Introduction: This study was conducted to assess variability in total testosterone levels (TT) in healthy, non-obese aging men who have androgen deficiency symptoms.
Methods: There were 96 men ≥55 years of age in the study. They were selected because they had symptoms consistent with androgen deficiency. Their morning TT levels were measured 4 times over 12 months.
Results: At each time point, geometric mean (95% confidence interval) of TT levels were: 14.5 (13.4-15.7), 14.6 (13.5-15.8), 15.5 (14.4-16.8), and 15.0 (13.9-16.2) nmol/L.
Sixty percent of the men differed by ≤1 nmol/L between sample 1 and 2. The maximum intra-individual TT difference between the 4 samples (interquartile range: 2.9-6.4) was 4.1 nmol/L. If an average of 2 baseline TT levels is used, then the maximum intra-individual difference is 2.3 nmol/L (interquartile range: 1.0-3.8).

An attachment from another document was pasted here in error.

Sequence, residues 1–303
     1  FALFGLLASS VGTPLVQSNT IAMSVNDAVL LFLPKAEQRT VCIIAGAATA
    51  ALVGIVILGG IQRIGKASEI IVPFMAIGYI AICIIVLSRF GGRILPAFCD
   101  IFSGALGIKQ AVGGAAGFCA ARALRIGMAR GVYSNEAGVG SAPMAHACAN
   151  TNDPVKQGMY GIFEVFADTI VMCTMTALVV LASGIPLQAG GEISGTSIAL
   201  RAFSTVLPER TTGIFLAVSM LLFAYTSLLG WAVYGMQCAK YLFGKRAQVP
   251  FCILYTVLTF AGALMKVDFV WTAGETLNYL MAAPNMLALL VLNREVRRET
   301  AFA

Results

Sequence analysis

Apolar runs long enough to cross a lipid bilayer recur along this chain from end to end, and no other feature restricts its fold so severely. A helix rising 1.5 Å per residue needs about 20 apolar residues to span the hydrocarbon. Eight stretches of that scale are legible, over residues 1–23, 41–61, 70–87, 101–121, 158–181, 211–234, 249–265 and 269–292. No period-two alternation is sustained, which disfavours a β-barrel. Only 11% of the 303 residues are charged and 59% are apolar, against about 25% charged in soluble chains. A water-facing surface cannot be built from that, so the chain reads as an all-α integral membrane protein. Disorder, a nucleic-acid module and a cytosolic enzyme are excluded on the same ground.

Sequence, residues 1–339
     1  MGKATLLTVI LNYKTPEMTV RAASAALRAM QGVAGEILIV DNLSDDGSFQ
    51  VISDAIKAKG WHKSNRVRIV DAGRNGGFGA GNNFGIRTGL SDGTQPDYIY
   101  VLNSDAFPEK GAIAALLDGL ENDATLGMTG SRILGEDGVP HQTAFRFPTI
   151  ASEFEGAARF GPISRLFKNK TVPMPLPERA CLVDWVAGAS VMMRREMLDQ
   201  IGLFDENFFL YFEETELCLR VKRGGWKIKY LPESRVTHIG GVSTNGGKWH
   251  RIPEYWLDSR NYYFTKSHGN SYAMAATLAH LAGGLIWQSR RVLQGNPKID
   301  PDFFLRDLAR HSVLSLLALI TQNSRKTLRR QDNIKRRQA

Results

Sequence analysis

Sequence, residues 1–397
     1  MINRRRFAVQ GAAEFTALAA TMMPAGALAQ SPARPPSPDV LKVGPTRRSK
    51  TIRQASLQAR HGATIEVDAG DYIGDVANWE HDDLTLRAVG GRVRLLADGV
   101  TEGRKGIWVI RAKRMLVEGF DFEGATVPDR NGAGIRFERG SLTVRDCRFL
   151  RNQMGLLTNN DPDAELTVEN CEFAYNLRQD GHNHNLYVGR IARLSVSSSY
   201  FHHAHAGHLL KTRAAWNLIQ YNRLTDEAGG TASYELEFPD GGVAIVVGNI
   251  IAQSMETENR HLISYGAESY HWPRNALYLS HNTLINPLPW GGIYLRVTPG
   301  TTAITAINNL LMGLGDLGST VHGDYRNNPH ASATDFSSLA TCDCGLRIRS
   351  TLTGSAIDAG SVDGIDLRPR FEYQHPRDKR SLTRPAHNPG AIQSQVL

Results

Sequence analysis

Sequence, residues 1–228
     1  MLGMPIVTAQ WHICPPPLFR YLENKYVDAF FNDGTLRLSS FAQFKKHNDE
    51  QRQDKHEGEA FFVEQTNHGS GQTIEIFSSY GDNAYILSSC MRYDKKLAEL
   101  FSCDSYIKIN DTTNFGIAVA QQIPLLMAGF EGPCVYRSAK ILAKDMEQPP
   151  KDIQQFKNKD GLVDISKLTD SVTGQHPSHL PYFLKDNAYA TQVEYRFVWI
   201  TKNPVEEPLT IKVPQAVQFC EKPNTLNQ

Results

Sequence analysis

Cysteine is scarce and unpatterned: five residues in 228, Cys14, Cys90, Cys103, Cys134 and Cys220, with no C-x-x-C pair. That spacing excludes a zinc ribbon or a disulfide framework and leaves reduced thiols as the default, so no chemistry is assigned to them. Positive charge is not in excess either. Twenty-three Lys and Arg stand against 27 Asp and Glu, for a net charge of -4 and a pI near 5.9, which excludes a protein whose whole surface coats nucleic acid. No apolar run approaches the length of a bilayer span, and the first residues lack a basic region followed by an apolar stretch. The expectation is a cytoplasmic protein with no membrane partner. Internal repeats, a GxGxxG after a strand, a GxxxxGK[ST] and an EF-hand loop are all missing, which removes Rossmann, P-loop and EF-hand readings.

Twenty-five men had a TT level < 10 nmol/L on at least one occasion during the study, but only 1 man had <10 nmol/L at all subsequent points; 8 of 9 men with an initial TT < 10 nmol/L had subsequent levels > 10 nmol/L. Only 2 of 35 men with an initial TT > 15 nmol/L had a subsequent value <10 nmol/L.
Conclusions: For healthy, non-obese aging men with androgen deficiency symptoms, a single TT level reliably predicts repeat measures taken over a 12-month period. However, intra-individual variability is sufficient to recommend a repeat sampling after an initially low TT level; this is particularly important since diagnosing androgen deficiency is dependent on the serum TT. Averaging 2 baseline TT levels can reduce the intra-individual variability.
Commentary by Glenn R. Cunningham MD